BTX (form factor)

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BTX case of a Fujitsu Siemens Esprimo P2510

BTX (for Balanced Technology eXtended) is a form factor for motherboards, originally intended to be the replacement for the aging ATX motherboard form factor in late 2004 and early 2005.

It was designed to alleviate some of the issues that arose from using newer technologies (which often demand more power and create more heat) on motherboards compliant with the circa-1996 ATX specification. The ATX and BTX standards were both proposed by Intel. However, future development of BTX retail products by Intel was canceled in September 2006 following Intel's decision to refocus on low-power CPUs after suffering scaling and thermal issues with the Pentium 4.

The first company to implement BTX was Gateway Inc, followed by Dell and MPC. Apple's Mac Pro utilizes some elements of the BTX design system as well but is not BTX compliant, rather using a proprietary form factor.

Enhancements[edit]

  • Low-profile - With the push for ever-smaller systems, a redesigned backplane that shaves inches off height requirements is a benefit to system integrators and enterprises who use rack mounts or blade servers.
  • Thermal design - The BTX layout establishes a straighter path of airflow with fewer obstacles, resulting in better overall cooling capabilities. There is no dedicated CPU-fan—instead, a large 12 cm case-fan is mounted, drawing its air directly from outside the computer and cooling the CPU through an airduct. Another distinct feature of BTX is the vertical mounting of the motherboard on the left-hand side. This results in the graphics card heatsink or fan facing upwards, rather than in the direction of the adjacent expansion card.
  • Structural design - The BTX standard specifies different locations for hardware mounting points, thereby reducing latency between key components and also reduces the physical strain imposed on the motherboard by heat sinks, capacitors and other components dealing with electrical and thermal regulation. For example, the Northbridge and Southbridge chips are located near each other and to the hardware they control like CPU, RAM and expansion ports (PS/2, USB, LPT etc.)

Pico BTX[edit]

BTX form factor motherboard inside a Dell Dimension E520

Pico BTX is a motherboard form factor that is meant to miniaturize the 12.8 × 10.5 in (325 × 267 mm) BTX standard. Pico BTX motherboards measure 8 × 10.5 in (203 × 267 mm). This is smaller than many current "micro"-sized motherboards, hence the name "pico". These motherboards share a common top half with the other sizes in the BTX line, but support only one or two expansion slots, designed for half-height or riser-card applications.[1]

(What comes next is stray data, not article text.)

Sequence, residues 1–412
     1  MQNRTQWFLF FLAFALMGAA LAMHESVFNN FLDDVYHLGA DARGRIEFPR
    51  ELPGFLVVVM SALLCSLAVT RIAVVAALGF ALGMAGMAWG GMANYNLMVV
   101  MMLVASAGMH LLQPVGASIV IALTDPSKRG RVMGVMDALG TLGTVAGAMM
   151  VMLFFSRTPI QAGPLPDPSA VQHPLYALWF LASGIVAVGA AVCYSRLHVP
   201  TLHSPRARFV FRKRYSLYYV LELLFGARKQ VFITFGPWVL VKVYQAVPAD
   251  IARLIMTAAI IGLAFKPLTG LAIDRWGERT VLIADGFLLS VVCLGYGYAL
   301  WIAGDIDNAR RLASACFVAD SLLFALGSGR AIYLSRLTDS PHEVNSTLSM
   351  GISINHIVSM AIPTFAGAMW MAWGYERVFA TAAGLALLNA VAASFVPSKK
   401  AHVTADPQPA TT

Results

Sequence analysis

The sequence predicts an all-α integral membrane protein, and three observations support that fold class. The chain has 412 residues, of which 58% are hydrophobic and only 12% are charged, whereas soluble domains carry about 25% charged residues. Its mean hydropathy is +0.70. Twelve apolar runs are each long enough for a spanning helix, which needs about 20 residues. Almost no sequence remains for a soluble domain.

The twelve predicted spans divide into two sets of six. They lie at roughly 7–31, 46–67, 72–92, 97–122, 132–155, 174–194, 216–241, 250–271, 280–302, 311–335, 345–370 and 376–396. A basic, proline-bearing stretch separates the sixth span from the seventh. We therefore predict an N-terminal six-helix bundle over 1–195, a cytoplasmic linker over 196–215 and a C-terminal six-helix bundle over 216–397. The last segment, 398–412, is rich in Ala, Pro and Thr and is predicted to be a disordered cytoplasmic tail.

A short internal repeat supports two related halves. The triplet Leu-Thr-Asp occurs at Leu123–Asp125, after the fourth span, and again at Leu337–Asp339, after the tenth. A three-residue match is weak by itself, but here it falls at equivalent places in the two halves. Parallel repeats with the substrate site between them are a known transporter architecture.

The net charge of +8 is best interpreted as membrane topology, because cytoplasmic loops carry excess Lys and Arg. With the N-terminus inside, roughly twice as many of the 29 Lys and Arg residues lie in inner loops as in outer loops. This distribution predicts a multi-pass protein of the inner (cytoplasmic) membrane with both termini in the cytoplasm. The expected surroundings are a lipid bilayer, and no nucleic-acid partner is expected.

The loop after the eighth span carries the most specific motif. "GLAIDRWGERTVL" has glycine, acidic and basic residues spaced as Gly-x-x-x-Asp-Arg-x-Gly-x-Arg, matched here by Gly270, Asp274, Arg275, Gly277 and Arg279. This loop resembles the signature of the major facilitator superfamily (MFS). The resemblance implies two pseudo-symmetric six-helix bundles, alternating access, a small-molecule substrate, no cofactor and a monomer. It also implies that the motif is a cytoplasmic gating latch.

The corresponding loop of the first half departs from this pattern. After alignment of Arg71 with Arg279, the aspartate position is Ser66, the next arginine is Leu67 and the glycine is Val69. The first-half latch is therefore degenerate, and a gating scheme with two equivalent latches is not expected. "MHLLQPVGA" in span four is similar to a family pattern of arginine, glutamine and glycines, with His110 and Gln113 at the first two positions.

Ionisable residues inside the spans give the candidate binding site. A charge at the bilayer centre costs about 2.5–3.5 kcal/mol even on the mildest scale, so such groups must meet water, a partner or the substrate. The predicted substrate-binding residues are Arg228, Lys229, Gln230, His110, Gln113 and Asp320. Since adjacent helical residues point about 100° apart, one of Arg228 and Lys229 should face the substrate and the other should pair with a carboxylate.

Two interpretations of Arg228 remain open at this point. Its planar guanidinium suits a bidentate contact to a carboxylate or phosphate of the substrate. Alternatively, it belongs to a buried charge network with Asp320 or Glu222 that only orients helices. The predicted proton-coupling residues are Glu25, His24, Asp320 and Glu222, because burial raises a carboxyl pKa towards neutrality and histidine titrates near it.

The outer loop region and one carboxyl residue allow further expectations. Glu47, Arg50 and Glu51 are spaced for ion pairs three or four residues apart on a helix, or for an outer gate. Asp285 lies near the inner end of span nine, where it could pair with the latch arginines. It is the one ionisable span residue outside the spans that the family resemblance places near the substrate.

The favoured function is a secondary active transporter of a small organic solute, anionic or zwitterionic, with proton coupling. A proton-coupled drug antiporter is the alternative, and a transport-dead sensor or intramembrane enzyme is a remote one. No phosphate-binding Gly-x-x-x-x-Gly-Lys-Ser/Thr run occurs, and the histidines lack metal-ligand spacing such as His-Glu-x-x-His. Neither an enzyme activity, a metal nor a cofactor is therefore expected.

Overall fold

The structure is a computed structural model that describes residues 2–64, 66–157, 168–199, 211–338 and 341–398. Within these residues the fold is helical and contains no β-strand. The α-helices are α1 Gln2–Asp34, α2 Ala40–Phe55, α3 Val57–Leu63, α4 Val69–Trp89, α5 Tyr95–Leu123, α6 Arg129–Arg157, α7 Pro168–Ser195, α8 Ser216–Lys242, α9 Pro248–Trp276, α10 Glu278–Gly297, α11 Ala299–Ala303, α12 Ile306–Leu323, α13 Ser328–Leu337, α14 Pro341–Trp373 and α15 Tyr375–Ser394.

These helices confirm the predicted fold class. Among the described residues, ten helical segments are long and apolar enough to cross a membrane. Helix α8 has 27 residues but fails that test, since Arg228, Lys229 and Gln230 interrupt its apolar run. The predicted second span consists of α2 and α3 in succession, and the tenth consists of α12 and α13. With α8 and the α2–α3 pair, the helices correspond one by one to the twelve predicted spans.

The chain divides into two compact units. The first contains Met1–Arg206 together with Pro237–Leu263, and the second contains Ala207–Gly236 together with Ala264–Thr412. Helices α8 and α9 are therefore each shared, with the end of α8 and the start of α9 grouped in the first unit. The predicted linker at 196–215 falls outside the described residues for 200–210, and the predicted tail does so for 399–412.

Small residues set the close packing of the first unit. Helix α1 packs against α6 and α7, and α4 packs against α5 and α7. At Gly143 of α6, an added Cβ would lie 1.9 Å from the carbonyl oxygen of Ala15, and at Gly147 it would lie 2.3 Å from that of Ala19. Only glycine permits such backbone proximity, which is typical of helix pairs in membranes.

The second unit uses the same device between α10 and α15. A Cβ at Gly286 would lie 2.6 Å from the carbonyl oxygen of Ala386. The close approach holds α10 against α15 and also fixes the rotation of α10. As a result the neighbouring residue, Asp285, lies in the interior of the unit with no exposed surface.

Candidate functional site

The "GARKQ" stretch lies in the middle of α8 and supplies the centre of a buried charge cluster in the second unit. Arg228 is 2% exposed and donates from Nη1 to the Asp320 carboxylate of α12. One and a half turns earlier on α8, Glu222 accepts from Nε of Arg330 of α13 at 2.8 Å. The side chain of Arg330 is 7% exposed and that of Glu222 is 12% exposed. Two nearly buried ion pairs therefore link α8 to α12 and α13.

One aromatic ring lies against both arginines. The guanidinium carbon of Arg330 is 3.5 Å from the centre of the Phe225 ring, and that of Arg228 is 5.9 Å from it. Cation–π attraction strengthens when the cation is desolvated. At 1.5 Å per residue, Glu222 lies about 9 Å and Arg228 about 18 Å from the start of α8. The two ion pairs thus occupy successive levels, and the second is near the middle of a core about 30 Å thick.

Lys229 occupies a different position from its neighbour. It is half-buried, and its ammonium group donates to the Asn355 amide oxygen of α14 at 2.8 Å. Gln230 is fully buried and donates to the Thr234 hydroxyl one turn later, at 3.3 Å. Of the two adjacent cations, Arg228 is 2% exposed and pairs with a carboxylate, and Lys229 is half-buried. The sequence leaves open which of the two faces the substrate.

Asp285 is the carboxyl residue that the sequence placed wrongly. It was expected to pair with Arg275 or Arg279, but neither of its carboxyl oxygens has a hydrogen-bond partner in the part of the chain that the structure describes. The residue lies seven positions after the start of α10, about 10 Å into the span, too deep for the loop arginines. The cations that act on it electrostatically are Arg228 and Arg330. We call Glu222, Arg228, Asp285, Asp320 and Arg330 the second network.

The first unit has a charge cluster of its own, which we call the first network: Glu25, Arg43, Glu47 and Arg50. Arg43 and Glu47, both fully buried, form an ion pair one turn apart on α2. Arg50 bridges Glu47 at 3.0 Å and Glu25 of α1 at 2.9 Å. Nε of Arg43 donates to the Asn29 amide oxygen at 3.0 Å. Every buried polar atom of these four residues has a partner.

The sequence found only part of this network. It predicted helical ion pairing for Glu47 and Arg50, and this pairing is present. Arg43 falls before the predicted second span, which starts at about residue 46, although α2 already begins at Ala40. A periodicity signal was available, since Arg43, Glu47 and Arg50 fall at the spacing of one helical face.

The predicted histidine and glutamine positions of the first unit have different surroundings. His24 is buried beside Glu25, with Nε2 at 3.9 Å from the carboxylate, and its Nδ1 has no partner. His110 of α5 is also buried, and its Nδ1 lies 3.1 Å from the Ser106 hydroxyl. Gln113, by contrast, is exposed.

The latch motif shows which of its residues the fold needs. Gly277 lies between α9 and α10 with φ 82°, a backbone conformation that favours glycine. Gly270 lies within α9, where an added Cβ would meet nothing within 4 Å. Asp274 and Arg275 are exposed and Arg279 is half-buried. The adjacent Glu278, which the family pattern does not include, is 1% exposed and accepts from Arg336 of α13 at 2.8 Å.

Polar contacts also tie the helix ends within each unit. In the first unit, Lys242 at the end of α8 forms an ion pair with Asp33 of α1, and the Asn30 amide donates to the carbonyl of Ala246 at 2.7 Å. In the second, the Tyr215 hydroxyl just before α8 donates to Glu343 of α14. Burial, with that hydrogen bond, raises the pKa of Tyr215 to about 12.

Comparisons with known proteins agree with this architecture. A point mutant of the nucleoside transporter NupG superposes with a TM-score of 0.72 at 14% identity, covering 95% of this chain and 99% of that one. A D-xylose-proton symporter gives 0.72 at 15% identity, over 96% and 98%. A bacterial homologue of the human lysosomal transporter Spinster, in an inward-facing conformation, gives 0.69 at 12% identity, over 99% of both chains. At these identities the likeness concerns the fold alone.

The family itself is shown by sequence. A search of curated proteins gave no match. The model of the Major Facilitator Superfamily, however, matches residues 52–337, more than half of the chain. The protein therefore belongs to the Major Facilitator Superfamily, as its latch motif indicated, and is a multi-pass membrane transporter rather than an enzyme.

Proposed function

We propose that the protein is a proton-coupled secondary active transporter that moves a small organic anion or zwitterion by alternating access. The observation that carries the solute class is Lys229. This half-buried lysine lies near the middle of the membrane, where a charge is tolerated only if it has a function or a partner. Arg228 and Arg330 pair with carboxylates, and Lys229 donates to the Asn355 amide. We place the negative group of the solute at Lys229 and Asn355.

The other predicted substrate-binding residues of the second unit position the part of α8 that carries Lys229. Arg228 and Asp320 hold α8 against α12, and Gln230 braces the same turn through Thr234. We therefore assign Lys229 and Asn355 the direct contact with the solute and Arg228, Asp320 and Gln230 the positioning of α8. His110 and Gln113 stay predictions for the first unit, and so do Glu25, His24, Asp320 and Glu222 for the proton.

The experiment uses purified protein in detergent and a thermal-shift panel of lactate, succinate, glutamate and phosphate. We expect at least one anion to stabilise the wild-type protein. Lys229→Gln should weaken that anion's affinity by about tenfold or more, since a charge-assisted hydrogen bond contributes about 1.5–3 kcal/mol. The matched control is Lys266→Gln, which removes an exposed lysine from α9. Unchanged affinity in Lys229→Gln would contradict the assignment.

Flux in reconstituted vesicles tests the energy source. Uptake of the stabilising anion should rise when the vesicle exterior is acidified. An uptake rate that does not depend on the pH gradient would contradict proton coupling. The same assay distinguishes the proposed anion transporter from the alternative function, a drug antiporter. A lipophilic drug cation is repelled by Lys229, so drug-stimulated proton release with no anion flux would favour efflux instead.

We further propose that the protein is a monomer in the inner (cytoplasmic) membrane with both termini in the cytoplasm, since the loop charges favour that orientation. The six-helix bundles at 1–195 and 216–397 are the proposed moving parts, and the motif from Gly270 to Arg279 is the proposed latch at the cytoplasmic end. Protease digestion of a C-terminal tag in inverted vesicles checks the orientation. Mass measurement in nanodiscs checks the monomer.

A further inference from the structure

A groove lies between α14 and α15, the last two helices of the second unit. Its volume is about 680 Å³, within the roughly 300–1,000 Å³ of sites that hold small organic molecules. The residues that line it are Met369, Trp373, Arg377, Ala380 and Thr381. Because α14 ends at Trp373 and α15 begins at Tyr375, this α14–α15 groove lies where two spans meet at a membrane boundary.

Other smaller BTX sizes include: micro BTX at 10.4 × 10.5 in (264 × 267 mm) and nano BTX at 8.8 × 10.5 in (224 × 267 mm).

Compatibility with ATX products[edit]

In the first months of production the ATX and BTX motherboards were so similar that moving a BTX motherboard to an ATX case was possible and vice-versa. This was possible because the first BTX motherboards were ATX motherboards turned upside down, except for the component location that really were BTX positioning.[2]

Later the BTX form factor had a big change by turning it into a mirror image of the ATX standard. Since the new motherboard design, both standards are incompatible. Basically BTX motherboards are 'leftside-right' compared to ATX and not upside-down as before: i.e. they are mounted on the opposite side of the case. Some computer cases such as the Cooler Master Series (Stackers) were released to support a varying range of motherboard standards such as ATX, BTX, Mini-ATX and so forth, to ease motherboard upgrade without buying a new case; however, all connector and slot standards are identical, including PCI(e) cards, processors, RAM, hard drives, etc.

BTX power supply units can be exchanged with newer ATX12V units, but not with older ATX power supplies that don't have the extra 4-pin 12V connector, which was introduced with the ATX12V standard.[3]

Reception[edit]

The BTX form factor has not been widely adopted despite its improvements over ATX and related standards. As a result, the availability and variety of BTX-compatible components is limited.

One reason for the failure of BTX to gain traction in key markets was the rise of energy-efficient components (CPU's, chipsets and GPUs) which require less power and produce less waste heat, eliminating two of the primary intended benefits of BTX. Another reason was the lack of OEM adopters.[4]

Initially, only Gateway and Dell offered computers with the new format, later HP and Fujitsu-SIEMENS (now Fujitsu) also offered some BTX-based computers. However, most other manufacturers stayed with the ATX standard, and even the handful of manufacturers who did adopt BTX for some products continued to produce the bulk of their machines with the ATX form factor.

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